Sunday, March 20, 2016

Marathons - No Boston But.....

If you have been reading my blog for any length of time you know that I have harbored a fantasy of running the Boston Marathon for a charity for a while now. Boston is different than any other marathon except for the Olympics. There are only two ways to get to run the Boston Marathon. The first way is to qualify, which means that you have to run another marathon in the previous year and post a time that is as good as or better than the qualification time for your age group. This is no mean feat. For example in my age group, women 60-64 years old, the qualifying time for 2016 was 4 hours and 25 minutes. The fastest I have ever run a marathon is 5 hours and 32 minutes (and 15 seconds!). And, not only would I have to improve my marathon time by over an hour, I would probably have to best that 4:25 time by several minutes at least, because the fastest people in an age group are allowed to register first, and once their age group is filled up that’s it.

The other way to get to run the Boston Marathon is to run it for a charity, and raise money for their cause. I first seriously thought about trying to get a charity bib after the Boston Marathon Bombing in 2013. Our family had two runners in the race that year, so there was a group of us there cheering them on. Although everyone finished and we all came through unscathed, the horror of that incident inspired me to want to get a charity bib. The problem was I had no idea how difficult getting a charity bib was going to be.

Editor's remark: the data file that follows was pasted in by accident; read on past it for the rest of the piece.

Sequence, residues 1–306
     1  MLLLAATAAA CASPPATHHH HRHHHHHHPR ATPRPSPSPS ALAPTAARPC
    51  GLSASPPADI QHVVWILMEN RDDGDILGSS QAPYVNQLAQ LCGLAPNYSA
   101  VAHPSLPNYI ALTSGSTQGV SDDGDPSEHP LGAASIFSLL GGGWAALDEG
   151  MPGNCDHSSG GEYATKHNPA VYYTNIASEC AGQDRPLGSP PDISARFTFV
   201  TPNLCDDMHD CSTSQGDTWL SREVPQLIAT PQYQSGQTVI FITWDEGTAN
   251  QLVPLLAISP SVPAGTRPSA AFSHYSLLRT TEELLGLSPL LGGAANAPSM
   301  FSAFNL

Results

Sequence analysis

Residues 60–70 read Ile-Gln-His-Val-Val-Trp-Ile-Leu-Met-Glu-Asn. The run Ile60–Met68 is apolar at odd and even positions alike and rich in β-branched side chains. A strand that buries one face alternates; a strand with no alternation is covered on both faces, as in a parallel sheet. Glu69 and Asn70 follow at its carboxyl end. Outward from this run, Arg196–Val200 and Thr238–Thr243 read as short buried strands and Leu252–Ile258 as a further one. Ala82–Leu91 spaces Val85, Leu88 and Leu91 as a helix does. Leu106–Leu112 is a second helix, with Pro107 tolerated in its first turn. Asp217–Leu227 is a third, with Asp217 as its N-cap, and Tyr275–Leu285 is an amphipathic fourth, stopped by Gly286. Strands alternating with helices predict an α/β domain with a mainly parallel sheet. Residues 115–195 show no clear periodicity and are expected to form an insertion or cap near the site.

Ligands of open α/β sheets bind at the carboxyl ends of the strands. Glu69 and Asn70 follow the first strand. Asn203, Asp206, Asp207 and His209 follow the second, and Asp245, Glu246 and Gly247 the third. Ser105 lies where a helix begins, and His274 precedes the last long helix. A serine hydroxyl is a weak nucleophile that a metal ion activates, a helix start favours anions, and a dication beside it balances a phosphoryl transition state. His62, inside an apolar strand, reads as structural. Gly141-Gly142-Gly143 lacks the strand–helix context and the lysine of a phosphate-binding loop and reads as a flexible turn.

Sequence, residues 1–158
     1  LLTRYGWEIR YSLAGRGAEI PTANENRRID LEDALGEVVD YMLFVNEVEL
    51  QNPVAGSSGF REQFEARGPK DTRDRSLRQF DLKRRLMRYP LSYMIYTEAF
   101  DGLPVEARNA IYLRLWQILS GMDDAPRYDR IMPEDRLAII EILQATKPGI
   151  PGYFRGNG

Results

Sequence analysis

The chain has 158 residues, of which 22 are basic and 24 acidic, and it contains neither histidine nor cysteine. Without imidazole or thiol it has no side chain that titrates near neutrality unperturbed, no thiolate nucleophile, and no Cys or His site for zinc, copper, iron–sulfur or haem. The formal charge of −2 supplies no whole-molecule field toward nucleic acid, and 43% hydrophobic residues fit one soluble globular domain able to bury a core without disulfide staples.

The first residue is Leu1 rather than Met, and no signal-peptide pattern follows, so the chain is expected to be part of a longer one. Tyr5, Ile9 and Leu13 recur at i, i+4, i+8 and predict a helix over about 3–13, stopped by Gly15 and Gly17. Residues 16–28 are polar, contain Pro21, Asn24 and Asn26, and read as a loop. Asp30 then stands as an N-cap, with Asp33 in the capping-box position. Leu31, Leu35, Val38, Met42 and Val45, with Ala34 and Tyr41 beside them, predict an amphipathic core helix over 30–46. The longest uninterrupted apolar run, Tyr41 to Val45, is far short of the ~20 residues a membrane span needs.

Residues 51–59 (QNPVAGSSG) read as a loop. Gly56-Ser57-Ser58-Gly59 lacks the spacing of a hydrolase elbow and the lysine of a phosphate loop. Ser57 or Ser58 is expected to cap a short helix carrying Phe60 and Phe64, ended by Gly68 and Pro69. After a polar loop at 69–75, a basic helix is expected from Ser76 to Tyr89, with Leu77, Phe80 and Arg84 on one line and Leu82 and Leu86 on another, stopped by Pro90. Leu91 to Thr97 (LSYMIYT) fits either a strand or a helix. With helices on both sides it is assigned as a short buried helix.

I decided that 2016 was the year that I would run Boston, so in September of this past year (2015) when the charity bib application process opened I chose several charities and began to apply. I applied to 6 different charities initially: The National Multiple Sclerosis Society, the American Heart Association, Leukemia and Lymphoma Team in Training, MR8, Dana Farber, and Boston Children’s Hospital. Each charity had a fairly detailed application. They wanted information about my marathon experience, how much money I was willing to raise, my plan for raising that money, and a statement explaining why I wanted to run for that particular charity. The minimum amount for most charities was $5,000, but they rather broadly hinted that they really wanted people to raise $8,000 or more. I tried to make my applications as convincing as possible, but it started to seem a bit like the process of applying to college.  What are your grades? Where is your essay? Where did you go to school? And SHOW ME THE MONEY!